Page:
Kingston's cash-strapped Primary Care Trust (PCT) has paid more than £2million in interest to the Government at a rate of 10 per cent.

It is almost twice that charged by commercial lenders and has helped nudge the PCT's debt towards an estimated £22million by next April.

The PCT's solution is to arrange a £12million loan, which means a further £1.2million in interest payments will be lost to the NHS in Kingston.

The revelation has angered trade unionists, coming at the same time as massive spending cuts by the PCT which will result in bed closures at Tolworth Hospital and up to 20 redundancies at Kingston Hospital.

Kingston Unison representative Michael Walker said: "The Department of Health (DoH) should not be making a profit out of them - it is robbing Peter to pay Paul. It might help Patricia Hewitt's job but it doesn't help the staff at our hospitals who are very concerned about job losses and services."

Kingston PCT's latest figures reveal that a £10million debt from last year has combined with a £3million overspend this year on hospital care and other patient treatment. Another £7million "top slice" payment has been made to NHS London to help even worse financial crises in other parts of London.

The latest loan will create interest of £1.2million a year, to add to further payments on this year's debt of up to £22million. PCTs are not allowed to borrow from anyone but the DoH, and the rate of interest is there to discourage financial deficit.

Kingston and Surbiton MP Edward Davey said he was appalled by the interest rates being served to PCTs.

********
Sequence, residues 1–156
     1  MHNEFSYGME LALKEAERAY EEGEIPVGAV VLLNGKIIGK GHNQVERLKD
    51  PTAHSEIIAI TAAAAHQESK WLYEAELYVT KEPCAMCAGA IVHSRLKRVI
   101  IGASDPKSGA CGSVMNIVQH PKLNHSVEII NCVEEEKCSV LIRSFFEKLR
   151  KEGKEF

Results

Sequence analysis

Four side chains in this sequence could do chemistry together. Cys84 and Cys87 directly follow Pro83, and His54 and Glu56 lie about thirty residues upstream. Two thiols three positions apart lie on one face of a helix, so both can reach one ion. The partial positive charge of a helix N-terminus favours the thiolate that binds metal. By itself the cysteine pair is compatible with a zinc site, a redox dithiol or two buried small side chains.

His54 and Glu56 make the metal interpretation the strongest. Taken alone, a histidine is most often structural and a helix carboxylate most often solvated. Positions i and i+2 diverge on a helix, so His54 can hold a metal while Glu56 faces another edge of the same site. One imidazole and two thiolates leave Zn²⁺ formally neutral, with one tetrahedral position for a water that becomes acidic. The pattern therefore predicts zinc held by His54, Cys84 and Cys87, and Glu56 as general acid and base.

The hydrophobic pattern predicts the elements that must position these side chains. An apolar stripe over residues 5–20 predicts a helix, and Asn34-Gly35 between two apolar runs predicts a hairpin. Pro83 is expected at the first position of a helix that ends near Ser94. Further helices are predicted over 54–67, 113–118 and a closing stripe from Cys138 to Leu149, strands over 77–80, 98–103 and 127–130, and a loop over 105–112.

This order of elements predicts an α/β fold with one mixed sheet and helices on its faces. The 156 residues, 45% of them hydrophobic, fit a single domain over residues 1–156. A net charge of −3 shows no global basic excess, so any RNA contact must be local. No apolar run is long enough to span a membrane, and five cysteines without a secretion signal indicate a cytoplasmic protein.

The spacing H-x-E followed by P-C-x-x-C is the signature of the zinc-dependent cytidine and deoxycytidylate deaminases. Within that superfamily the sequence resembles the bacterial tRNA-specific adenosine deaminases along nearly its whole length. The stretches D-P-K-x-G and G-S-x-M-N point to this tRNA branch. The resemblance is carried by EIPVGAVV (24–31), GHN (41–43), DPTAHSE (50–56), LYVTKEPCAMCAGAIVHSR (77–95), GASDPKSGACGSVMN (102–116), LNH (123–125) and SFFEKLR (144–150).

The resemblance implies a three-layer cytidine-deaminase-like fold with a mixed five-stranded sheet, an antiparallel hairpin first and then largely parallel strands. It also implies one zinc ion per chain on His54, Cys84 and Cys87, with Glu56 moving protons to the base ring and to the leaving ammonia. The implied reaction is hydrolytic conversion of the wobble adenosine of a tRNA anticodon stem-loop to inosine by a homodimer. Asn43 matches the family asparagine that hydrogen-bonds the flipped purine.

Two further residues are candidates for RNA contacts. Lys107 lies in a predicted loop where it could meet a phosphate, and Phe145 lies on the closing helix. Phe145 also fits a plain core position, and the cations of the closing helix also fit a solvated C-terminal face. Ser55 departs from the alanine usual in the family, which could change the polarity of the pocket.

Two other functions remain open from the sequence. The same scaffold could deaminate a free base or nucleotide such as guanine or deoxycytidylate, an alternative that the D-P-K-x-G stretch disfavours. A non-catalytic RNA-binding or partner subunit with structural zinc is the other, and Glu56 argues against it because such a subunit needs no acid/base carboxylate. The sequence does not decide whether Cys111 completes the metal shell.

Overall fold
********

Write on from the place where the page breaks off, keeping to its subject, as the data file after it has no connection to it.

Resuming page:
He said: "NHS cuts are bad enough without measures like this making budget problems worse.

"To levy a penal interest rate of 10 per cent on Kingston health services is a scandal and I will be raising it with the minister for health."

"Mr Davey added: "When the Labour party is paying an interest rate of six per cent on an unsecured loan it is an outrage that the Labour Government is demanding interest payments from our NHS at 10 per cent.

"They are trying to get their house in order, they do not need a ten per cent interest rate to teach them that."

The PCT is banned from borrowing money from other sources.

A DoH spokeswoman said that disincentives for PCTs in deficit are there so that rewards can be offered to the successful parts of the NHS which contribute surpluses to struggling areas.

She said: "This is about good management and encouraging the NHS to bring its books into balance."